It can be rather difficult for a handset maker to produce something that appeals to young people. Do it wrong, as most companies do, and it all looks incredibly patronising and uncool.
Samsung, fortunately, seems to be pretty good at appealing to everyone. The Genio is a colourful number, with changeable rear covers and a selection supplied in the box. From the off, it’s already got the looks – but what about when you switch it on?
The 2.8-inch capacitive touchscreen shows off Samsung’s TouchWiz user interface and does so with a QVGA-resolution.
Compared to its higher-end models, this does cut the quality of icons and images – but not the overall layout. You still have the easily accessible on-screen shortcuts to the dialer, phonebook and messaging application, plus access to a range of widgets that sit on any one of three standby screens.
As is customary these days, the Genio Touch has access to Facebook, Twitter, Bebo, Google and YouTube. It’s obviously important to point out that with all of these online services, you’ll need to be on a suitable tariff that isn’t going to land you with a bill for hundreds, or thousands, of pounds.
There’s no Wi-Fi or 3G either, but support for EDGE should keep things chugging along nicely, network permitting.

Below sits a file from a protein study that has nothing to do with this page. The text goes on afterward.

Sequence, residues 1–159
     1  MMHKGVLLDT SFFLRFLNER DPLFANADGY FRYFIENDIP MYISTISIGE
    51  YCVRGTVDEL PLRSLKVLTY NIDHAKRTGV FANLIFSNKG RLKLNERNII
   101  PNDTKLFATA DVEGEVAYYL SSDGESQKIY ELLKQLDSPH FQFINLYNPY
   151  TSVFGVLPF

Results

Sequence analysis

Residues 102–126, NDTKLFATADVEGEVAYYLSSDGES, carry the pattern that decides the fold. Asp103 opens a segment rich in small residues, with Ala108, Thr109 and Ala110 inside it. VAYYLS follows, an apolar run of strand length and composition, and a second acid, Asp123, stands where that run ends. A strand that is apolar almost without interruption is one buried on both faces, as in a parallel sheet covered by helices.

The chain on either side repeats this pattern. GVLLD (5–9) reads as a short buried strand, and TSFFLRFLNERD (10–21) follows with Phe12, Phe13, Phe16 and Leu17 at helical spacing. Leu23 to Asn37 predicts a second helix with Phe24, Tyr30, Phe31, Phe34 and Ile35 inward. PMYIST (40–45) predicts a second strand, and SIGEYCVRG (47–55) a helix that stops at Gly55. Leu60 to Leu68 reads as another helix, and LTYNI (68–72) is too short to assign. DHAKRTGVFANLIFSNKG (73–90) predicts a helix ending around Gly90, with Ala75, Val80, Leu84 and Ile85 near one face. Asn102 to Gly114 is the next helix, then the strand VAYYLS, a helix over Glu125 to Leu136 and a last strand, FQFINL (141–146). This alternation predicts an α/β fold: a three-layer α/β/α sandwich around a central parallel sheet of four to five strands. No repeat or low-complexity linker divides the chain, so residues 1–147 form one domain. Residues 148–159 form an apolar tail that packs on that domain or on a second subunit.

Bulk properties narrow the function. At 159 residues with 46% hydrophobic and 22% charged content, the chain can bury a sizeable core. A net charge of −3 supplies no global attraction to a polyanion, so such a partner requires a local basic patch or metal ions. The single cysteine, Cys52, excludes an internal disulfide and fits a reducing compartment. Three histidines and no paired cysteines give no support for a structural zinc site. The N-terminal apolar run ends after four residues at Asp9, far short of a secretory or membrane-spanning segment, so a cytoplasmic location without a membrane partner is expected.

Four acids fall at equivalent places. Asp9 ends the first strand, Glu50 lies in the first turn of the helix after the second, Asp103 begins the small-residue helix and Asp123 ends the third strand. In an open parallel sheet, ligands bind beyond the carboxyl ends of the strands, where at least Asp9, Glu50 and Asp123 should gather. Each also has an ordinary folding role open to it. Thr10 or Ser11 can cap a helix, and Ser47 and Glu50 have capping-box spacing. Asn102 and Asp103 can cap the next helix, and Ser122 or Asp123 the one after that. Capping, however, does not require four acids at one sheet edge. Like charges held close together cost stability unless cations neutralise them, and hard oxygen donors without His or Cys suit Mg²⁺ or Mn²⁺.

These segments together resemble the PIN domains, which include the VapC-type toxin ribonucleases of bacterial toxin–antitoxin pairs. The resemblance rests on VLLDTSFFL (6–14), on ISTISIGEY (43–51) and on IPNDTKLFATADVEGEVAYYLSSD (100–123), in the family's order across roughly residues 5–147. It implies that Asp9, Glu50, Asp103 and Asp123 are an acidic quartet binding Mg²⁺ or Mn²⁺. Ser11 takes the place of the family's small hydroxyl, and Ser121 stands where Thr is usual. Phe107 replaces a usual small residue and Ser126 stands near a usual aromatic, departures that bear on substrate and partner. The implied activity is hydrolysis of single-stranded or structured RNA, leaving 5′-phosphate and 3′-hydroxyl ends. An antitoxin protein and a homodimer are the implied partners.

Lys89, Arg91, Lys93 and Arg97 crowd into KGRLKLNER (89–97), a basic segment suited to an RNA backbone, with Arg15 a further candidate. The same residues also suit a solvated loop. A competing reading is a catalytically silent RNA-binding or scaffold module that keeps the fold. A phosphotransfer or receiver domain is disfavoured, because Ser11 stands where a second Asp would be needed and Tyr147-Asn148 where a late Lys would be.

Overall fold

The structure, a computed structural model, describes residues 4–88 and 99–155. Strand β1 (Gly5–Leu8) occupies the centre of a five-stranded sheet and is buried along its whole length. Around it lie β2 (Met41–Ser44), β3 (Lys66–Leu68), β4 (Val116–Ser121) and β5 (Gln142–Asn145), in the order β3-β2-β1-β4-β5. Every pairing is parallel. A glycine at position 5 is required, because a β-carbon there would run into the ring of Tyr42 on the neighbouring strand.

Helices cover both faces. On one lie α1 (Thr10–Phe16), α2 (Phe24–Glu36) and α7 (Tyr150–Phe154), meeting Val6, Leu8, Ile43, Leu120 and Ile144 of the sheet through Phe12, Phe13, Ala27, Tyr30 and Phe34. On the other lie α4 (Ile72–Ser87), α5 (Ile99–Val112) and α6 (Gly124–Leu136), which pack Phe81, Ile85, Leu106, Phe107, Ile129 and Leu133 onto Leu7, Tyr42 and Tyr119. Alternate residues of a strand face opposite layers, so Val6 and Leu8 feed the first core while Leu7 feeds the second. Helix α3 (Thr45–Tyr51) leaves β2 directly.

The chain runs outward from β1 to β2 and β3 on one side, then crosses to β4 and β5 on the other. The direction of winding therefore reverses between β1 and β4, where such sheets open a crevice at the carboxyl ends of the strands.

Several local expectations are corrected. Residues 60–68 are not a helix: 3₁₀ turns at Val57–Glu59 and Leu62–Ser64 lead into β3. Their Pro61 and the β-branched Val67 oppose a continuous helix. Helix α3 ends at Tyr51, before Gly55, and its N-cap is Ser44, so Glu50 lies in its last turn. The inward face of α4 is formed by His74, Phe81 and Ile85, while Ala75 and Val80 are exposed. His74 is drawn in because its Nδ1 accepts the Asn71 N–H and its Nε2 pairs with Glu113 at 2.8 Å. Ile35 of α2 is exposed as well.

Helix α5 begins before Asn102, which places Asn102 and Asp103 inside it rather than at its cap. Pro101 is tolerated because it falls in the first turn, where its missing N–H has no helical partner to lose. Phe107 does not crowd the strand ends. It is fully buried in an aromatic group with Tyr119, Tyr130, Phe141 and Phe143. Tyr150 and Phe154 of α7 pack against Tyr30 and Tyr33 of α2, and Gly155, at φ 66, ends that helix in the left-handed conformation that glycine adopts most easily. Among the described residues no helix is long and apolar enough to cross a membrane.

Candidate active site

Besides the battery covers, you can also customise the phone with different colours and fonts, or go for the crazy cartoon theme, which really jazzes up the menus.
When the screen is locked, you can use gestures to unlock, make a call to a speed-dial entry or fire up an application. Another cool feature allows you to scroll through frequently used contacts by photo.
Throw in a selection of cool ring tones and the Genio Touch isn’t going to disappoint anyone that takes ownership of it.
The 2-megapixel camera is a bit of a shame, and video recording maxes out at 15 frames per second in QVGA-resolution, but the media player performs well and even plays a number of video formats.
The battery promises up to nine hours of talktime, or 730 hours standby. Even a quarter of that would be more than ample in real-life conditions. In fact, the only thing that might make it seem uncool is the fact that someone like me loved it – so perhaps I should say I hated it instead?
At the low-end of the market, LG and Samsung are battling it out with a range of small, sexy and pretty well featured touchscreen devices. Samsung has come up with the Genio Touch (a Genio Qwerty offers up a more traditional phone experience with a keyboard) that uses its popular TouchWiz user interface, with a few tweaks to make it ‘yoof-friendly’. There’s a 2.8-inch capacitive touchscreen and amazing battery life, as well as customisable themes, fonts and changeable battery covers. The Genio Touch isn’t as cheap as the Alcatel OT-708 but it does offer up more.